Let’s get the following statement out of the way before we get lost in the film details from Sunday’s game:
If you aren’t ready to crown Mac Jones after five games, fine. Nobody earns a red or gold jacket after five mostly good games as a rookie. But if you aren’t impressed with what Jones is doing to this point, then you are either trolling or trying to be contrarian for the sake of a take.
Make no mistake about it, the Patriots’ coaching staff is impressed with what they see from Jones; his competitive toughness, poise, accuracy, and football IQ won them over already.
Patriots head coach Bill Belichick said as much about Jones’s accuracy last week, saying, “Mac puts the ball in a place that the receiver can run with it. Overall, I think Mac’s been pretty accurate. The receivers haven’t had to work excessively to make the catch.”
Ultimately, we should be evaluating Jones through the prism of a rookie quarterback in his fifth career start because, after all, he’s a rookie quarterback in his fifth career start.
The chart above reflects where Jones ranks in expected points added (EPA) and completion percentage over expected (CPOE), where he’s above-average in both metrics and finds himself in the top right quadrant (good) while the rest of the rookies are in the bottom left (bad).
To Belichick’s point, the metrics back up Jones’s accuracy with a CPOE that ranks eighth among 33 qualified quarterbacks.
So if you want to be a contrarian, then keep ignoring everything telling you that Jones is operating well in an NFL offense five games into his career. Five. Not 305 like Brady. Five.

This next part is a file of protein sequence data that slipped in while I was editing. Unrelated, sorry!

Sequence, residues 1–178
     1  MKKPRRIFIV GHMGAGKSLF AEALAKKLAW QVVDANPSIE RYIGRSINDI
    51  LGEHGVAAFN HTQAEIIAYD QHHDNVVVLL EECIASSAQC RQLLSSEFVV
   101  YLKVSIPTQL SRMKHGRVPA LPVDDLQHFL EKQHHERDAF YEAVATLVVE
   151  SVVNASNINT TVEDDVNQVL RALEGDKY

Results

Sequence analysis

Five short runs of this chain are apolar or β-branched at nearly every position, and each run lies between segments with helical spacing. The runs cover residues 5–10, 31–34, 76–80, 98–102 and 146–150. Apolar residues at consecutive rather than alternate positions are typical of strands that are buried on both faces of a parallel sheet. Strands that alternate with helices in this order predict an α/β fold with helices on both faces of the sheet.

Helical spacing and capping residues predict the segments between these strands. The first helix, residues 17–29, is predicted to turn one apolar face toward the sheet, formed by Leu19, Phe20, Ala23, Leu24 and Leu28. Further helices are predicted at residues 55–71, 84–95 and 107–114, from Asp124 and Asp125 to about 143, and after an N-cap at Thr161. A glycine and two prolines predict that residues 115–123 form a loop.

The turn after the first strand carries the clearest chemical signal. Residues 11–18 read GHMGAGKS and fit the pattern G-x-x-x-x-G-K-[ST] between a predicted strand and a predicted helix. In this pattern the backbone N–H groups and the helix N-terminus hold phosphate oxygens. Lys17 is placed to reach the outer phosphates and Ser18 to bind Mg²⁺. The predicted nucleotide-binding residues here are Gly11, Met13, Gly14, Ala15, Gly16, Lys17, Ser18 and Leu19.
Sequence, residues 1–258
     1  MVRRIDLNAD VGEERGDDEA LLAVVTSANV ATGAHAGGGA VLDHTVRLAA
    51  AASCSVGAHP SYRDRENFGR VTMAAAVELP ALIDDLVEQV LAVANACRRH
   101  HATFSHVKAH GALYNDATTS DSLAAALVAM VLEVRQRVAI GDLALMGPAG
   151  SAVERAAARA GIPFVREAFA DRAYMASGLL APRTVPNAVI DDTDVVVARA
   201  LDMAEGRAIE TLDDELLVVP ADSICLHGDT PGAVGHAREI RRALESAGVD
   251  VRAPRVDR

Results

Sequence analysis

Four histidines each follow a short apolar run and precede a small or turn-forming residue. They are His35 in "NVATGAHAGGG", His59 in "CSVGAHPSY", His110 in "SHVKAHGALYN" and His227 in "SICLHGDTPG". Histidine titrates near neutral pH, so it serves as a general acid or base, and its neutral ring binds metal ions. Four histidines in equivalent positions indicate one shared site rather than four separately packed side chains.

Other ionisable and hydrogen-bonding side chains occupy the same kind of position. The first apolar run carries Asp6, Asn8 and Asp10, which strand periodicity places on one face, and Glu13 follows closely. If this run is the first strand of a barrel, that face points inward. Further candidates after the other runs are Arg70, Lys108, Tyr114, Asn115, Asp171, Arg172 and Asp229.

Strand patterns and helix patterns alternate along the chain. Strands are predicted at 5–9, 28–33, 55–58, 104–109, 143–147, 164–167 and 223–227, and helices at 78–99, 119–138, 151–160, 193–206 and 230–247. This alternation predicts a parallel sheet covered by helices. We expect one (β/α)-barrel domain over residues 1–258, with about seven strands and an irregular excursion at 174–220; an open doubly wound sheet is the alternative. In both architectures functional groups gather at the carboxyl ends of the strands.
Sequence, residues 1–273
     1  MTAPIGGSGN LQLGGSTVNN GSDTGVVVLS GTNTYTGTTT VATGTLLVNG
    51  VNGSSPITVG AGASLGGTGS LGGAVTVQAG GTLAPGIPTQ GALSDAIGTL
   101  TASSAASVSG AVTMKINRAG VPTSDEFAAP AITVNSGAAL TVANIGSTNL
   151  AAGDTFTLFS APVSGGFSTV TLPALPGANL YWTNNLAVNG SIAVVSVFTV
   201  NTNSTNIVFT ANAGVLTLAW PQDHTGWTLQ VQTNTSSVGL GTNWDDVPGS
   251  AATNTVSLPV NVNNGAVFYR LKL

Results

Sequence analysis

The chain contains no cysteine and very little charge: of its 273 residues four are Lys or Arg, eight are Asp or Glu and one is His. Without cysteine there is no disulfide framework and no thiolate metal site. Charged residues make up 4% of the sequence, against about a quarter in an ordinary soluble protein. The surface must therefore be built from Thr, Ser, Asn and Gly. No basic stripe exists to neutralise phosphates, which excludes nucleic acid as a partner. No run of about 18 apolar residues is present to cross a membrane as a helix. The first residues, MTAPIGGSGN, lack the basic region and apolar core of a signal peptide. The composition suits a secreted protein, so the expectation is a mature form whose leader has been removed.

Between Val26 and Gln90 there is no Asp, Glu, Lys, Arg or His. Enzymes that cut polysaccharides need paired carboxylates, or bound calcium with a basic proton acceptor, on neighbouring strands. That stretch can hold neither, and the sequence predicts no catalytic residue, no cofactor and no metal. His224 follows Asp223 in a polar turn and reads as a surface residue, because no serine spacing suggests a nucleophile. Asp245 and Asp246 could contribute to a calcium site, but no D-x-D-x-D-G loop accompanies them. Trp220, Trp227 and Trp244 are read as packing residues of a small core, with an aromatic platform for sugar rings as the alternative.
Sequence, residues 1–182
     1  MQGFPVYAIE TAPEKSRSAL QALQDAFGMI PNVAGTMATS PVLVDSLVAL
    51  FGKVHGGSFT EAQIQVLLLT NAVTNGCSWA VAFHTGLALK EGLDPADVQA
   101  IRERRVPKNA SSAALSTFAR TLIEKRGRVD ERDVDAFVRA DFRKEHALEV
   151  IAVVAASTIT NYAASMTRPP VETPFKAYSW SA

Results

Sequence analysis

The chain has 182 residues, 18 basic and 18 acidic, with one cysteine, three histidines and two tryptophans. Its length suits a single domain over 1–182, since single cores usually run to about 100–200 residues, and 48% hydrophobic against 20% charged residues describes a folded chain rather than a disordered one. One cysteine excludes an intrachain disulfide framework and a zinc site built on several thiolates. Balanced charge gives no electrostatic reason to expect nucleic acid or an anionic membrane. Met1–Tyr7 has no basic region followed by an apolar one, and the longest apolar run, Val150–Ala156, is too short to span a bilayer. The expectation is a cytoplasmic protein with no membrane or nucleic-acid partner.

Every rookie makes mistakes, and Jones is making rookie mistakes just like the rest of them (more on that later). But he’s also making reads that other guys simply aren’t at this stage.
Now let’s get into the tape so your eyes can see why nobody should discount Jones’s development to date:
1ST QTR, 1:01, 3RD-&-3: M. JONES PASS COMPLETE TO N. AGHOLOR FOR 11 YARDS
The aDOT police won’t be impressed with this throw from Jones, but it’s a savvy veteran read on third down to move the chains. Houston initially aligned in what looks like man coverage with defenders squaring up the Pats’ receivers. Kendrick Bourne then comes in motion to give Mac a coverage indicator. The Texans exchange responsibilities in the secondary with the outside corner at the bottom of the screen bumping over to take Bourne, giving Jones a pre-snap zone indicator. Mac then holds the second level with a play-action fake and knows he has Nelson Agholor on an in-cut against a bailing cover-three corner with the middle hook defenders out of the passing lane. Jones puts the ball accurately on Agholor to let him shield the catch point and moves the chains. Looks easy, right? But the process from start to finish is very clean.
2ND QTR, 0:57, 2ND-&-10: M. JONES PASS INCOMPLETE DEEP TO J. MEYERS (DROP)
Here’s a good, aggressive downfield shot from Jones. Patriots offensive coordinator Josh McDaniels had this one drawn up all week, a 989 concept against cover-two. The safety in the deep-half to Jones’s left is in conflict; he has two vertical routes coming into his zone and can’t stay over the top of both Meyers and Agholor. Mac sees the deep safety shading towards Agholor with his back to the outside vertical and rips an accurate ball to Meyers. Unfortunately, Meyers drops an easy catch. Still, a good read and throw by the quarterback.